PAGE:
As of the census of 2000, there were 6,665 people, 2,256 households, and 1,495 families residing in the CDP. The population density was 6,329.9 people per square mile (2,450.8/km²). There were 2,395 housing units at an average density of 2,274.6 per square mile (880.7/km²). The racial makeup of the CDP was 74.99% White, 0.42% African American, 0.72% Native American, 0.92% Asian, 0.09% Pacific Islander, 18.24% from other races, and 4.62% from two or more races. Hispanic or Latino of any race were 41.67% of the population.
There were 2,256 households out of which 37.7% had children under the age of 18 living with them, 49.5% were married couples living together, 11.0% had a female householder with no husband present, and 33.7% were non-families. 25.0% of all households were made up of individuals and 6.4% had someone living alone who was 65 years of age or older. The average household size was 2.95 and the average family size was 3.53.
In the CDP, the population was spread out with 28.5% under the age of 18, 10.7% from 18 to 24, 32.8% from 25 to 44, 20.2% from 45 to 64, and 7.8% who were 65 years of age or older. The median age was 32 years. For every 100 females, there were 104.4 males. For every 100 females age 18 and over, there were 105.7 males.
The median income for a household in the CDP was $50,668, and the median income for a family was $54,469. Males had a median income of $35,085 versus $28,951 for females. The per capita income for the CDP was $20,115. About 8.6% of families and 12.0% of the population were below the poverty line, including 16.0% of those under age 18 and 9.9% of those age 65 or over.
Historically, tourism has been a major economic factor for the area, focusing around the attraction of the naturally occurring hot springs. The springs were not only used for bathing, but, also for bottling. Electricity ran bottling plants, which bottled carbonated and still water for consumption.
Tourism and food
Boyes Hot Springs is the site of the third Fairmont Hotel and Resorts property in Northern California, the Fairmont Sonoma Mission Inn & Spa. The high end hotel is located on a historic hotel site that served as a popular getaway for tourists in the 1920s who used the hot springs located in the area. The spa on-site uses the hot springs that the area is named after. The restaurant El Molino Central serves Mexican street food and is known for its house made tortillas. The Italian restaurant Mary's Pizza Shack opened its first restaurant in Boyes Hot Springs. Boyes Hot Springs is also known for having one of the first Michelin Guide star rated restaurants in the area, Santé, which is located in the Fairmont.
In the California State Legislature, Boyes Hot Springs is in the 2nd Senate District, represented by Democrat Mike McGuire, and in the 4th Assembly District, represented by Democrat Cecilia Aguiar-Curry.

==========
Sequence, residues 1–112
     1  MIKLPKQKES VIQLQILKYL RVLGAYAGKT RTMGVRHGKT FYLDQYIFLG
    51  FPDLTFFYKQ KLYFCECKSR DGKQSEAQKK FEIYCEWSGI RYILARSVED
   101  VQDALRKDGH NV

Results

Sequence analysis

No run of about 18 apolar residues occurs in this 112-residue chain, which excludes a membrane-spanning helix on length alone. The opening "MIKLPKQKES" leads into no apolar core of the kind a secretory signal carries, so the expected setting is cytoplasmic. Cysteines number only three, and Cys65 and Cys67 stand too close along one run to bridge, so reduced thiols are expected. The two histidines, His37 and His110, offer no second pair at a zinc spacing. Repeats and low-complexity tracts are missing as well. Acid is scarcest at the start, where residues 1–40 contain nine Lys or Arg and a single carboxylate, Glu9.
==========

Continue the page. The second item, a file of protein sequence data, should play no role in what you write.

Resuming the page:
- "US Gazetteer files: 2010, 2000, and 1990". United States Census Bureau. 2011-02-12. Retrieved 2011-04-23.
- "2016 U.S. Gazetteer Files". United States Census Bureau. Retrieved Jul 19, 2017.
- "Boyes Hot Springs". Geographic Names Information System. United States Geological Survey. Retrieved April 6, 2015.
- "Population and Housing Unit Estimates". Retrieved June 9, 2017.
- Kathleen Thompson Hill; Gerald Hill (1 July 2005). Sonoma Valley: The Secret Wine Country. Globe Pequot Press. p. 282. ISBN 978-0-7627-3444-3.
- Michael,, Acker,. The Springs : resort towns of Sonoma Valley. Charleston, South Carolina. ISBN 9781467124300. OCLC 962233334.
- "Hotel History". Fairmont Sonoma Mission Inn & Spa. Fairmont. Retrieved 10 July 2014.
- Sweet, Carey (26 April 2013). "Boyes Hot Springs' water draws visitors". Travel. San Francisco Chroncile. SFGate. Retrieved 10 July 2014.
- Rodriguez, Suzie (23 March 2012). "Feel the heat of Agua Caliente's mineral waters". Sonoma. Press-Democrat. Retrieved 10 July 2014.
- "Sonoma County Transit". Sonoma County Transit. Retrieved January 22, 2018.
- Climate Summary for Boyes Hot Springs, California
- "Census of Population and Housing". Census.gov. Retrieved June 4, 2016.
- "2010 Census Interactive Population Search: CA - Boyes Hot Springs CDP". U.S. Census Bureau. Retrieved July 12, 2014.
- "American FactFinder". United States Census Bureau. Archived from the original on 2013-09-11. Retrieved 2008-01-31.
- Walter Wadsworth Bradley; California State Mining Bureau (1915). Mines and mineral resources of the counties of Colusa, Glenn, Lake, Marin, Napa, Solano, Sonoma, Yolo. California State Printing Office. pp. 163–164.
- Inc. Staff Fodor's Travel Publications (1 November 2009). California 2010. Fodor's Travel Publications. p. 560. ISBN 978-1-4000-0859-9.
- "Statewide Database". UC Regents. Retrieved December 5, 2014.
- "California's 5th Congressional District - Representatives & District Map". Civic Impulse, LLC. Retrieved March 3, 2013.
|Wikimedia Commons has media related to Boyes Hot Springs, California.|